An interesting op-ed in The New York Times had ACSH staffers questioning the mantra: Always wear a helmet while riding a bike!
The piece pointed out that numerous European cities are taking part in bike-sharing programs, which notably reduce traffic and carbon emissions while obviously providing physical benefits for cyclists. As a number of American cities have begun implementing similar programs, ACSH supported the initiative until we found out in May that 80 percent of riders do not use helmets. As ACSH s Dr. Elizabeth Whelan pointed out at the time, head injury accounts for about a third of all bicycle injuries and about three-quarters of bicycle related deaths, thus helmets should be more readily available at bike rental kiosks.
But not so fast, writes Elisabeth Rosenthal in her Times analysis: Recent experience suggests that if a city wants bike-sharing to really take off, it may have to allow and accept helmet-free riding. Rosenthal also cites an interesting comparison between Melbourne, Australia and Dublin, Ireland. The Aussie two-year-old bike-sharing program requires helmet use and has only about 150 rides a day, even though Melbourne is flat, with broad roads and a temperate climate. Dublin, on the other hand, has no requirement for helmet use and is cold, cobbled and hilly, but ironically, has more than 5,000 daily rides in its bike-sharing program, which has only been around for one year longer than Melbourne s. It is, however, important to note that children are required to wear helmets in many European countries.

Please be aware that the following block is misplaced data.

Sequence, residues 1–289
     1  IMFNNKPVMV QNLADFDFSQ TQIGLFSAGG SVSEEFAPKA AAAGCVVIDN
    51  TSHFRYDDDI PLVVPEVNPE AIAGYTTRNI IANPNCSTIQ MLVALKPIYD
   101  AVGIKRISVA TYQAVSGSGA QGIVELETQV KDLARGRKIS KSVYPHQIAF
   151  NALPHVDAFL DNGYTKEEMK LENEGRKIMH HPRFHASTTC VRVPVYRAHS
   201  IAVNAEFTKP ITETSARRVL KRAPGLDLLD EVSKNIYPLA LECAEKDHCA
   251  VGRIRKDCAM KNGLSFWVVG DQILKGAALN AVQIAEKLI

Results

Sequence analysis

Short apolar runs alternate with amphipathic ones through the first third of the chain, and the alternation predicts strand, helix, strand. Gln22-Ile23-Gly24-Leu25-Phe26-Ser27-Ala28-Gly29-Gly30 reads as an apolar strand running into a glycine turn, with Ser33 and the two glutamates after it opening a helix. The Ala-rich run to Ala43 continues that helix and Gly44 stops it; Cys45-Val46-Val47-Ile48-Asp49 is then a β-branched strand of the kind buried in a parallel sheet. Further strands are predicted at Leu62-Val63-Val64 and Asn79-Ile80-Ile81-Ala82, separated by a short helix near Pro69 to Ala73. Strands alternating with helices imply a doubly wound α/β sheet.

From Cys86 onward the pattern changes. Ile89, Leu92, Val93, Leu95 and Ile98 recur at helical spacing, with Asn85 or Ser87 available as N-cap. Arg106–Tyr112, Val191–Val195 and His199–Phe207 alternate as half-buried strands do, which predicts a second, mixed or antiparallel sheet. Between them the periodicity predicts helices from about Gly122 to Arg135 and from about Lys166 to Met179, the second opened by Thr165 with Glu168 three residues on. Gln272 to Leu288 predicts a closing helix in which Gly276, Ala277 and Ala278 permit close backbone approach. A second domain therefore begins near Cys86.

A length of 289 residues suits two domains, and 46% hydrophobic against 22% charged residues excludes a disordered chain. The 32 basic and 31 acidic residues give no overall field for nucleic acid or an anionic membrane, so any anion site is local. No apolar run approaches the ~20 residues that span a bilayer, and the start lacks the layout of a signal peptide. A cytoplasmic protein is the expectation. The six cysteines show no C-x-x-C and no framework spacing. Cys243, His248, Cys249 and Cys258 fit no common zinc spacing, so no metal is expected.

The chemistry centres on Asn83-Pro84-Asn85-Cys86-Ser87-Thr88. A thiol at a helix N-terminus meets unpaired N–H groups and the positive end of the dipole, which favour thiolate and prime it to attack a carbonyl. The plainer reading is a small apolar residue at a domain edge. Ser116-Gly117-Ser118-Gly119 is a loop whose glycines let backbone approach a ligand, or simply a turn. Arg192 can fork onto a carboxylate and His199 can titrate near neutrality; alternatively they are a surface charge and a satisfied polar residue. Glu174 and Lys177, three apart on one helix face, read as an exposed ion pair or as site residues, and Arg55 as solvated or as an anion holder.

Piet de Jong, a professor of applied finance and actuarial studies at Macquarie University in Sydney, believes that pushing helmets really kills cycling and bike-sharing in particular because it promotes a sense of danger that just isn t justified in fact, cycling has many health benefits. Indeed, using mathematical modeling, he found that the benefits may outweigh the risks by 20 to 1.
Thus, with statistics like these, it appears that for adults, the benefits of riding without a helmet may, surprisingly, outweigh the potential for risk.